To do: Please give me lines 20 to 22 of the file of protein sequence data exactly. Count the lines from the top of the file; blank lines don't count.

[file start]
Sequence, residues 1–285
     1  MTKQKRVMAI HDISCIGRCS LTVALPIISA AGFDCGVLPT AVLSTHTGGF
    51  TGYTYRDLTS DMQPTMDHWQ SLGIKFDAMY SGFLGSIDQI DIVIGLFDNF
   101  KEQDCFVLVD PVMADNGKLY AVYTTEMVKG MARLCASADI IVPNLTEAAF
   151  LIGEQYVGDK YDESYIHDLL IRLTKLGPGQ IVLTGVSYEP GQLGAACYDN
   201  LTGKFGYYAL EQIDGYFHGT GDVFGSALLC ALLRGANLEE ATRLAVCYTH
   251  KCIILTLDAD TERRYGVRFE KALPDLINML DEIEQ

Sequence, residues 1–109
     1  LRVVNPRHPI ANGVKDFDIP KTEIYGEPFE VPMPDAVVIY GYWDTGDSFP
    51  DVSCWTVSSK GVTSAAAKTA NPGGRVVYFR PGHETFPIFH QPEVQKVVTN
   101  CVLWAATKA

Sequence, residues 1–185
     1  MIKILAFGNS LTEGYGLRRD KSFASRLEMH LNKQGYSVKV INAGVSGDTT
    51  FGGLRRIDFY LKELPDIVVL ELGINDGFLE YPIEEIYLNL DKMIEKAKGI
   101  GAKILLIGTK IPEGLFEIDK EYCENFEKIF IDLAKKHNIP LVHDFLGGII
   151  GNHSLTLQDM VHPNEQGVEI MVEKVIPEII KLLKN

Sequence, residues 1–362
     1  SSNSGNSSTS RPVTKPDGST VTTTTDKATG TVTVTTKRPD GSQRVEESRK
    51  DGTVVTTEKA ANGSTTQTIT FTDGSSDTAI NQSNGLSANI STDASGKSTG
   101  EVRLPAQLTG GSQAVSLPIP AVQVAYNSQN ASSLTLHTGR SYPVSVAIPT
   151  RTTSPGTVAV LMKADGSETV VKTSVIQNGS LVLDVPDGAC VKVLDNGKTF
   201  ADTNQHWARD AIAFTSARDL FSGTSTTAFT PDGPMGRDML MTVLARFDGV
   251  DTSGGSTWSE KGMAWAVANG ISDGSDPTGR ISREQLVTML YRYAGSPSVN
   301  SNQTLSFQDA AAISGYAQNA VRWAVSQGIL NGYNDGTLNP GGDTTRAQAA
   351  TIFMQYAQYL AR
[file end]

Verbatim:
   101  EVRLPAQLTG GSQAVSLPIP AVQVAYNSQN ASSLTLHTGR SYPVSVAIPT
   151  RTTSPGTVAV LMKADGSETV VKTSVIQNGS LVLDVPDGAC VKVLDNGKTF
   201  ADTNQHWARD AIAFTSARDL FSGTSTTAFT PDGPMGRDML MTVLARFDGV